Every provincial minister would like an opportunity, on behalf of the Government of Saskatchewan, to extend more funding to his or her department.
© Times-Herald photo by Lisa Goudy
A pothole is seen near the intersection of Main Street North and Diefenbaker Drive. The majority of residents surveyed in the citizen survey ranked infrastructure, such as roads, as the most important issue facing the City of Moose Jaw.
It just isn’t that simple.
The government chooses what it perceives to be priorities. Sometimes it’s right and sometimes it’s wrong.
From those choices, we as residents can and often do nitpick at the government’s decisions to dole out funding to various projects. We joke that if we were MLAs, we would push hard for money to be allocated to projects that we feel need handouts.
Many times, however, we are the ones in the wrong.
The government’s July 23 announcement that municipal revenue sharing is slated to increase by $8.3 million in 2015-16, and in a city that could certainly use some money, Moose Javians are discussing and questioning it.
That extra money is the result of an increase in Provincial Sales Tax revenues in 2013-14.
So, what does it mean for the Friendly City?
It means our city will receive an estimated $240,000 slice of the revenue sharing pie — a mere 2.9 per cent of the $8.3 million.
What the City of Moose Jaw does with the money is anyone’s guess, but we think more than a few citizens would push for 100 per cent of that money to go straight toward infrastructure upgrades.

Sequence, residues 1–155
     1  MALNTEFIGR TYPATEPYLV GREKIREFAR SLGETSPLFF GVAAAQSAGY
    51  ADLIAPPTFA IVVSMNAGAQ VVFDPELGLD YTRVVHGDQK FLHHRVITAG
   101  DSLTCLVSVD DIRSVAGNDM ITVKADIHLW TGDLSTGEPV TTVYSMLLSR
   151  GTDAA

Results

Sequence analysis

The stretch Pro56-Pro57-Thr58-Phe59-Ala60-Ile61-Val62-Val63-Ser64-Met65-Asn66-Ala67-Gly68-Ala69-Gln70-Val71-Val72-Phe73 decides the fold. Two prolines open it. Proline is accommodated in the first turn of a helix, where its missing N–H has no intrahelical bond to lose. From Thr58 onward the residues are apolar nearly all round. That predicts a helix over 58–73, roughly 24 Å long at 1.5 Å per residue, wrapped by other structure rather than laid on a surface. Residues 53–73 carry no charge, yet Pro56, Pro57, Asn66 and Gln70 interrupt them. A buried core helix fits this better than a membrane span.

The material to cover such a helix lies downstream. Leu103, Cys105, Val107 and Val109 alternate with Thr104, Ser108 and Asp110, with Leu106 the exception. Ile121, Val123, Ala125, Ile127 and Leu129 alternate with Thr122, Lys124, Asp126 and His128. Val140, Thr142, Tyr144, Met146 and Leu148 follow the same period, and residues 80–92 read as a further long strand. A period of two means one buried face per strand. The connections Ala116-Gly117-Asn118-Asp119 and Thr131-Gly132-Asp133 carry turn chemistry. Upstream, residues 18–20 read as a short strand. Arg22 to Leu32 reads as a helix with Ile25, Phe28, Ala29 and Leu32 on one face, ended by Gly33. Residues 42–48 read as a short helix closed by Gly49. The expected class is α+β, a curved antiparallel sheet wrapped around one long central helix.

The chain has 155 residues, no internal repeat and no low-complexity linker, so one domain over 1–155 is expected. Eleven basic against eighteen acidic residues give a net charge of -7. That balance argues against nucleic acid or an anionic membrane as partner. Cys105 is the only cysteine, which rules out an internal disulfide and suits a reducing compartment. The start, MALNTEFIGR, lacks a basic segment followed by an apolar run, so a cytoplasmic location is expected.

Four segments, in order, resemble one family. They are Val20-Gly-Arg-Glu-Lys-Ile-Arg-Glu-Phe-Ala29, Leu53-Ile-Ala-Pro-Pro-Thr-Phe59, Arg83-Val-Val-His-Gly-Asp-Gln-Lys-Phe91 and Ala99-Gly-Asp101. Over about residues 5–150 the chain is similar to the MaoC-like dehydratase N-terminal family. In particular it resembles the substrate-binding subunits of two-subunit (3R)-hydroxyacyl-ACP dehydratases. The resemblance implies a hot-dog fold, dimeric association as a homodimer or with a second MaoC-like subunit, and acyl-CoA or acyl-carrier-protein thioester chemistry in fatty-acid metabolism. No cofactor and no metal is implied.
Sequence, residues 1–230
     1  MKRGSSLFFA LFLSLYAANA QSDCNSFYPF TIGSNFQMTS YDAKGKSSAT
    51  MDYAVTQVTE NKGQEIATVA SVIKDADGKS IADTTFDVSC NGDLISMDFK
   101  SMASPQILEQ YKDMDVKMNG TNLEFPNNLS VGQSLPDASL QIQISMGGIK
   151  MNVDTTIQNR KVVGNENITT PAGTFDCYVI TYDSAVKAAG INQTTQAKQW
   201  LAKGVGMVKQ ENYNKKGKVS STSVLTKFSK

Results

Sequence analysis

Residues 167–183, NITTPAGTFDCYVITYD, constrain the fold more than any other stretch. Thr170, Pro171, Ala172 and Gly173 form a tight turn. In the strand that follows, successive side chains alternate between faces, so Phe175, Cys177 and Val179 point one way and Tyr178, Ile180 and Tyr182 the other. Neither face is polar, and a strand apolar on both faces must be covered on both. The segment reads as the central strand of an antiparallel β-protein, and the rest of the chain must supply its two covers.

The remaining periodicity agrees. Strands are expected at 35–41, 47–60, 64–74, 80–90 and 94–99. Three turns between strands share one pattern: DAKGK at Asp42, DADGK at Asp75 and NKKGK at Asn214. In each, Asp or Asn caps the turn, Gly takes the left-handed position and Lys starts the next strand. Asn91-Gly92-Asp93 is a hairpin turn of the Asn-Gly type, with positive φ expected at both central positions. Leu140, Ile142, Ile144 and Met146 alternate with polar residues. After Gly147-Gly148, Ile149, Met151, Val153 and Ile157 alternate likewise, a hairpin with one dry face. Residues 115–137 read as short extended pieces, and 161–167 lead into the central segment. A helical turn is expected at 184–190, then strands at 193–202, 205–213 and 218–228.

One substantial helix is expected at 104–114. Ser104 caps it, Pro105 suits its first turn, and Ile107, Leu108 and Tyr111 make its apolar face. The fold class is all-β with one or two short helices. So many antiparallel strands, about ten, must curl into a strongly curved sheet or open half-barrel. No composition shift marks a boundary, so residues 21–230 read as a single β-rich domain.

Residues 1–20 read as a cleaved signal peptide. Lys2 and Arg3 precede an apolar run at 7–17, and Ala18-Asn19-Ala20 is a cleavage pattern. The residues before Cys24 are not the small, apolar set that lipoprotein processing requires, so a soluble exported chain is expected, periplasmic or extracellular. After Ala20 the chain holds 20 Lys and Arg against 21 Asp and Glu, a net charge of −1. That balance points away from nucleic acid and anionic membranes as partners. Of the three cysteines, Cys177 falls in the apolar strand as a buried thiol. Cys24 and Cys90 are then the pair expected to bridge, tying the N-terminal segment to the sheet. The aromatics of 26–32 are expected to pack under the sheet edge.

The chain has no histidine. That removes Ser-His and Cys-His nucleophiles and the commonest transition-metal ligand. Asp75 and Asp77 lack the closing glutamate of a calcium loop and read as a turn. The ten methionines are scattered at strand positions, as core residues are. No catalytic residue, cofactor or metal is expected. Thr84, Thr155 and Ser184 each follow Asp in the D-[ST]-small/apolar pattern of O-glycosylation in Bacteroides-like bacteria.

They aren’t wrong, but $240,000 isn’t going to do a whole heck of a lot in the giant scheme of the city’s infrastructure woes.
Millions upon millions of dollars need to be spent on a slew of infrastructure upgrades. From cast iron water lines to the bevy of potholes that line our streets, Moose Jaw needs a facelift.
Unfortunately, the provincial government, namely the ministry of government relations, isn’t going to shell out millions of dollars to our city, especially when the likes of Regina and Saskatoon are clamouring for — and deserve — more provincial dollars.
So while Government Relations Minister Jim Reiter might like to hand out more of the revenue sharing dollars to Moose Jaw, his hands are tied — and it’s not his fault.
If Moose Javians want to question the way money is doled out, look no further than city council and what they are doing with your tax dollars.
You might even ask why the millions of dollars in municipal reserves aren’t being utilized on strengthening the city’s underbelly.
All Times-Herald editorials are written by the editorial staff.